Cleburne hospital board declines refinancing offer
by Laura Camper
news@cleburnenews.com
Feb 24, 2014 | 3550 views |  0 comments | 49 49 recommendations | email to a friend | print
HEFLIN — The Cleburne County Hospital Board, charged with overseeing the county’s nursing home and ambulance service, last week declined the County Commission’s offer to join in refinancing their loans together.

Commission members gave their approval for County Administrator Steve Swafford to refinance a county loan for the jail at their meeting last Tuesday. The move should save the county $150,000 to $160,000 through the end of the loan in 2025, Swafford told the commission members at their meeting. He also told them he had contacted the hospital board to see if it would like to refinance its loan at the same time. That, he said, could save taxpayers another $50,000 to $70,000.

Board members declined the offer, said board secretary Pam Richardson.

Sandy Weston, board chairman, said the board had refinanced its loan in 2012 with a 3 percent interest rate. She didn’t think the refinancing would save any money.

The board borrowed the money more than a decade ago to build the Cleburne County Nursing Home, Weston said. The nursing home had been in a structure built in the 1960s which it shared with the old county hospital, said Pam Morris, billing clerk for the nursing home. The hospital closed in February 1990 and the nursing home took over the entire building, giving it 69 beds, Morris said.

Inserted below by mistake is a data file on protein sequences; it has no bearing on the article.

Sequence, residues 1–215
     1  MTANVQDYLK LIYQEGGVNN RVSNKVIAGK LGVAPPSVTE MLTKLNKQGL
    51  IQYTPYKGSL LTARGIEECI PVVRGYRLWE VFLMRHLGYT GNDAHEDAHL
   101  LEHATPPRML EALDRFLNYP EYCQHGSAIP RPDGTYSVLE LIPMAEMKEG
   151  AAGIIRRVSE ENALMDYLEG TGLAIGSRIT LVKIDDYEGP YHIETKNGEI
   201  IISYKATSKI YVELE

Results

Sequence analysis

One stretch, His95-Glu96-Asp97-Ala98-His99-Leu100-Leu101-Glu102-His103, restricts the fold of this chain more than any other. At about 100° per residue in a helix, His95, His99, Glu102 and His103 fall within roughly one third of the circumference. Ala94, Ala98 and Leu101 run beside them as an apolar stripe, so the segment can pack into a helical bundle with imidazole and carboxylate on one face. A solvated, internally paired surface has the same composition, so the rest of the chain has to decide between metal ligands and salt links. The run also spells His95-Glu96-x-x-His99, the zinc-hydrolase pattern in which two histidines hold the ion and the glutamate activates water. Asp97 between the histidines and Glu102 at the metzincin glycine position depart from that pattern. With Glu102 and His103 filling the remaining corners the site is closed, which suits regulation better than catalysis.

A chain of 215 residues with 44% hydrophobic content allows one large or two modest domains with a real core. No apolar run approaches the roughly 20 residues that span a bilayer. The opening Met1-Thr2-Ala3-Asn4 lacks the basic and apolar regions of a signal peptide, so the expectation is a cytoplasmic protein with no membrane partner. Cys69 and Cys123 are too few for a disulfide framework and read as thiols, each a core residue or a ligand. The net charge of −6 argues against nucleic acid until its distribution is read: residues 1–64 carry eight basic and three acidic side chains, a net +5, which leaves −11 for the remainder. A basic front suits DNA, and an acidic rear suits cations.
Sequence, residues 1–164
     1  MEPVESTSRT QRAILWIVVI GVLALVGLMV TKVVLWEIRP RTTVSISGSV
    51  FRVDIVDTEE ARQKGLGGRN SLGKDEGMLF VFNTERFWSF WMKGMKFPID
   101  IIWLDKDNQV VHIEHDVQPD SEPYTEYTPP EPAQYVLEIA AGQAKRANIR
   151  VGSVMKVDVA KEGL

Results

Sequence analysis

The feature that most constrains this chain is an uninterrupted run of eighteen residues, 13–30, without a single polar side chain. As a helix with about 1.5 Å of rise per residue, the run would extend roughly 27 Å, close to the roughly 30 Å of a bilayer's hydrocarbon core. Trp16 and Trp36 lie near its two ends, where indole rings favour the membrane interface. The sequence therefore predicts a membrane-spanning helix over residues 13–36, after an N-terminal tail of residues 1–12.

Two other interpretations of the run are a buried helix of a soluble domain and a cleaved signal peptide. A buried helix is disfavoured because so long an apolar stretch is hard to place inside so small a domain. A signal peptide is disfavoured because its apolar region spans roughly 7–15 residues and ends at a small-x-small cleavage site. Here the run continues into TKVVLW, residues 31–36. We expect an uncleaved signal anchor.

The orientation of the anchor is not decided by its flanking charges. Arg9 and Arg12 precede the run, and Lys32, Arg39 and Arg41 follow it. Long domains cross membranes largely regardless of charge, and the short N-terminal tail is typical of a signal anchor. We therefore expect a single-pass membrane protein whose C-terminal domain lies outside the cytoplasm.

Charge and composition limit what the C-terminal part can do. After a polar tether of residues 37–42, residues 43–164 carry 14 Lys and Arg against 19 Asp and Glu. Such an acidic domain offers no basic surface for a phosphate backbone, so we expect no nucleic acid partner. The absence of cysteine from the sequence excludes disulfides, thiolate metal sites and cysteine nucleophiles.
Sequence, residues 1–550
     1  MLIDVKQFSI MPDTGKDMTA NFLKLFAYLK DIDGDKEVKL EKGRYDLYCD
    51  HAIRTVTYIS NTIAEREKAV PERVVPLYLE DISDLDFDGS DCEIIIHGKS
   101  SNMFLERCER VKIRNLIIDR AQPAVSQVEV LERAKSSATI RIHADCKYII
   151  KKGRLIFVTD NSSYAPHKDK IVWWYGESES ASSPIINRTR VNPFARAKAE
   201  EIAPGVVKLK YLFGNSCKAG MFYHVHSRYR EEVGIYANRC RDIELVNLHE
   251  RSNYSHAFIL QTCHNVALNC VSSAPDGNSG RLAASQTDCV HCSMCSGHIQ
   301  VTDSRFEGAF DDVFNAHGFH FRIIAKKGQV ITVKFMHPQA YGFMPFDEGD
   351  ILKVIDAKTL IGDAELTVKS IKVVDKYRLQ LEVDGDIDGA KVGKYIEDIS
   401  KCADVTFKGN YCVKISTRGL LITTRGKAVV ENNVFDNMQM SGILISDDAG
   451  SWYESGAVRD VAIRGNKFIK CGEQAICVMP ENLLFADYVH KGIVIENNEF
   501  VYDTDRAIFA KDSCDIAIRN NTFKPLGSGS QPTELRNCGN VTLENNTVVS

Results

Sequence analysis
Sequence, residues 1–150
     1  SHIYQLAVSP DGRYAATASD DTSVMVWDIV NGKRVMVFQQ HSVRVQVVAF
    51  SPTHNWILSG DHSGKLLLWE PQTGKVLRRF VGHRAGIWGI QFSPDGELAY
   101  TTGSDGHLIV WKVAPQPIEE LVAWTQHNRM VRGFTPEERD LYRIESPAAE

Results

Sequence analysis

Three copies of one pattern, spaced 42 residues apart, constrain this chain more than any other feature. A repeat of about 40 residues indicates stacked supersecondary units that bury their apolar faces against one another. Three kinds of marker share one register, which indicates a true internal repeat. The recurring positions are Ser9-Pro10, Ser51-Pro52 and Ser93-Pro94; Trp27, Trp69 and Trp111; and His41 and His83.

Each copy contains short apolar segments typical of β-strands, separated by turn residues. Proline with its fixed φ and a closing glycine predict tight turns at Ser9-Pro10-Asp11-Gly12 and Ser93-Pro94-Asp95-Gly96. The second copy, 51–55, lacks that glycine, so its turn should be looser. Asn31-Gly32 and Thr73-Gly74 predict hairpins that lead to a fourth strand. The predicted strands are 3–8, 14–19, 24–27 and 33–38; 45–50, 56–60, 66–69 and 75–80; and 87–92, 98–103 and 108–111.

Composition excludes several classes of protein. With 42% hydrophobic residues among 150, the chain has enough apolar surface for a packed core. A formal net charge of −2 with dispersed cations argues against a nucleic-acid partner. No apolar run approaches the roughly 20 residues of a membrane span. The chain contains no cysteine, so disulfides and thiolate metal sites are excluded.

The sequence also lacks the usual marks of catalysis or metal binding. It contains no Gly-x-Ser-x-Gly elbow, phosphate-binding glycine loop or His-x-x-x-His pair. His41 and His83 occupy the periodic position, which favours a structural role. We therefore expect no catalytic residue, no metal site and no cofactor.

The board decided to build a new nursing home and borrowed $2.5 million, Weston said. It built the new 82-bed facility next door to the old building. The new building opened in May 2003, Morris said. The old building has since been demolished, Morris said.

Weston said the current loan balance is $1.14 million.

Dan Hopkins said at the board meeting Thursday that the nursing home is self-sufficient and doesn’t require any taxpayer money.

Richardson said the nursing home occasionally takes a loan from the board when Medicaid or Medicare payments are slow, but pays the money back immediately. The nursing home makes the monthly loan payments of $16,801.44, Richardson said.

In other business, the board:

— Changed its meeting to the third Tuesday of the month.

— Approved a request for the nursing home to purchase a storage unit for the facility.

Staff writer Laura Camper: 256-235-3545. On Twitter @LCamper_Star.

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